A prairie is a community of grasses, forbs (wildflowers), shrubs, animals, and microorganisms. Prior to the westward expansion, the great majority of the land in the Midwest consisted of tall grass prairies and oak savannas. The environmental conditions in a prairie can be extreme: intense sunlight, late spring snows, and high winds. Prairie plants evolved to cope with these extreme conditions. Up to two-thirds of a prairie plant is contained below ground in its root mass(with roots 10-15 feet deep), and the roots help the plant take up nutrients and water from the soil. The prairie ecosystem resulted in extremely fertile soil that was transformed into farmland. Today, only about 0.1% of the original prairie remains. The Galena Territory was formerly farmland, and thus almost all of the original prairie is gone. In places where the slopes are steep, farming was impossible, so a number of prairie remnants remain. It is also possible to restore the prairies, and this has been done in a number of open areas of the Greenspace. The restorations are being done for several reasons. First, the prairie is a part of our heritage in the Midwest. It has created the beautiful and productive soils that dominate this area. Second, the prairie provides wildlife habitat. You may see signs of butterflies, bobolinks, red fox, opossums, northern harriers, jackrabbits, raccoons, American toads, leopard frogs, and many nesting birds. Third, due to their massive root systems, prairies prevent erosion while rebuilding worn out soil. Erosion control is particularly important here with our steep ridges. Finally, the prairie provides the constantly changing kaleidoscope of colors and textures throughout the growing season.Prairie management initially requires a great deal of effort, but once the prairie is established, it can thrive with only limited management. Here are the major steps in the process.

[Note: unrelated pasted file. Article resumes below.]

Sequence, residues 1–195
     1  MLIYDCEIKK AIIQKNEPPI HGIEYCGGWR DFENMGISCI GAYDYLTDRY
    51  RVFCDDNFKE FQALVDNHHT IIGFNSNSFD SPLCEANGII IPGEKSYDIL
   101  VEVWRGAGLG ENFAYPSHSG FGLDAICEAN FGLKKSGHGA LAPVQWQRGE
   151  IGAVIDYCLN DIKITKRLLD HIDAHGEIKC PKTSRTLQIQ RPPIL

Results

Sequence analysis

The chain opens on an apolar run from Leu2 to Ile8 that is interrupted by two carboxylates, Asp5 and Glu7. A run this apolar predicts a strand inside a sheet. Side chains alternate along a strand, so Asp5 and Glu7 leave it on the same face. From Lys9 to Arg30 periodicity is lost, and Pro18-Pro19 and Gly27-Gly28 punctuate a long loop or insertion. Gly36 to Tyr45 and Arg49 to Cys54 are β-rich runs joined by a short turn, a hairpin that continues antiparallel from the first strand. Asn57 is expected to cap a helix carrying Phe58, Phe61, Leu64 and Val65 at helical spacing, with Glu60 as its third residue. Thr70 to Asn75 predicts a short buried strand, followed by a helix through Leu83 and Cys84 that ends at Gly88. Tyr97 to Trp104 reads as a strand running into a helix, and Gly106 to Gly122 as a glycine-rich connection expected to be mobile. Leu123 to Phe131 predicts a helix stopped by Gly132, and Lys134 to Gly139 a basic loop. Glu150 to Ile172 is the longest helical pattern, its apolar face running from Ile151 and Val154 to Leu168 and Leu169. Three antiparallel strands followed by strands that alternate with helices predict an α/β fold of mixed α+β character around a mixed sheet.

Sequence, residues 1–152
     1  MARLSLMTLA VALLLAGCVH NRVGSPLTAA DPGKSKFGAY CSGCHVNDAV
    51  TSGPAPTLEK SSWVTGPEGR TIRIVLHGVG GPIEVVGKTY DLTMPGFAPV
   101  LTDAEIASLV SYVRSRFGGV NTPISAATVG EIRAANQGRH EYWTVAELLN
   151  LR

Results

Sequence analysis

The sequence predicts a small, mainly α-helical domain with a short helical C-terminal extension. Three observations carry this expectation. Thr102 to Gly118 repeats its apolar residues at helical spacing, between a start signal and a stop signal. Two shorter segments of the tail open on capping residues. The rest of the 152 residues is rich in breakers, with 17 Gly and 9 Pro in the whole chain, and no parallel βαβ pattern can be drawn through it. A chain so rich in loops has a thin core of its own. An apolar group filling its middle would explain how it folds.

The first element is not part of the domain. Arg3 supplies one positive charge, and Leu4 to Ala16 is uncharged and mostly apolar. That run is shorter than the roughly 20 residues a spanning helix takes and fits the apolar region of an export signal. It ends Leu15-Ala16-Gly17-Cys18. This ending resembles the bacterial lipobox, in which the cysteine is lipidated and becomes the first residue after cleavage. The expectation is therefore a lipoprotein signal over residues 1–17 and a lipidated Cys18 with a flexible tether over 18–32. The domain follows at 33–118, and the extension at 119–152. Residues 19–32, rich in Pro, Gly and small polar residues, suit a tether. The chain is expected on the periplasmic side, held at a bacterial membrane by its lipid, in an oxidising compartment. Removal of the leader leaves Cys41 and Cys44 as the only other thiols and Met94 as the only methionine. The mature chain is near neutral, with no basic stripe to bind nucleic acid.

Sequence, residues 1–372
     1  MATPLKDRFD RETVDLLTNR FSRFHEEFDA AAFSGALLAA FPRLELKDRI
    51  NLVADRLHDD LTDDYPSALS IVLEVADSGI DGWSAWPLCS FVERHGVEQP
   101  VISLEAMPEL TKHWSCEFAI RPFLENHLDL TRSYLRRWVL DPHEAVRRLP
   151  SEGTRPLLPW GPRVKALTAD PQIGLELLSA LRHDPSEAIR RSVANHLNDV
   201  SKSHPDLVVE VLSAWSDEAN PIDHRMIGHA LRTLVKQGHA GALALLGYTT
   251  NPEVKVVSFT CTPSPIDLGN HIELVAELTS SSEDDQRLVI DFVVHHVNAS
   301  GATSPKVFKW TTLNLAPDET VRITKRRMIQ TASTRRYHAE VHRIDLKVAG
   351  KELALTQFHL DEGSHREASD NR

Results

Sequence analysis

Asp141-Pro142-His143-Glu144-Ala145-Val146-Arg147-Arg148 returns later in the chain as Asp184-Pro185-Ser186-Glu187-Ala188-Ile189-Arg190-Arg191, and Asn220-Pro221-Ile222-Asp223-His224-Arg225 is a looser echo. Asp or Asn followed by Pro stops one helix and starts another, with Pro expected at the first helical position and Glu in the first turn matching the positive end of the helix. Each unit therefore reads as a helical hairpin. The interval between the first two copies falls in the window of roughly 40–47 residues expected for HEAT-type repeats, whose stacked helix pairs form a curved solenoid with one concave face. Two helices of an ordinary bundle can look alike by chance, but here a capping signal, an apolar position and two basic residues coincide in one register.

Soil and Site Preparation
The plants on formerly farmed fields generally consist of invasive plants and weeds. In this case, the easiest way to prepare the site is to use a herbicide, like round-up, to kill off the weeds. Applications should be made several times over the course of 6-12 months, since the seeds in the soil will sprout anew. Another alternative is to till the soil several times to help remove the weeds.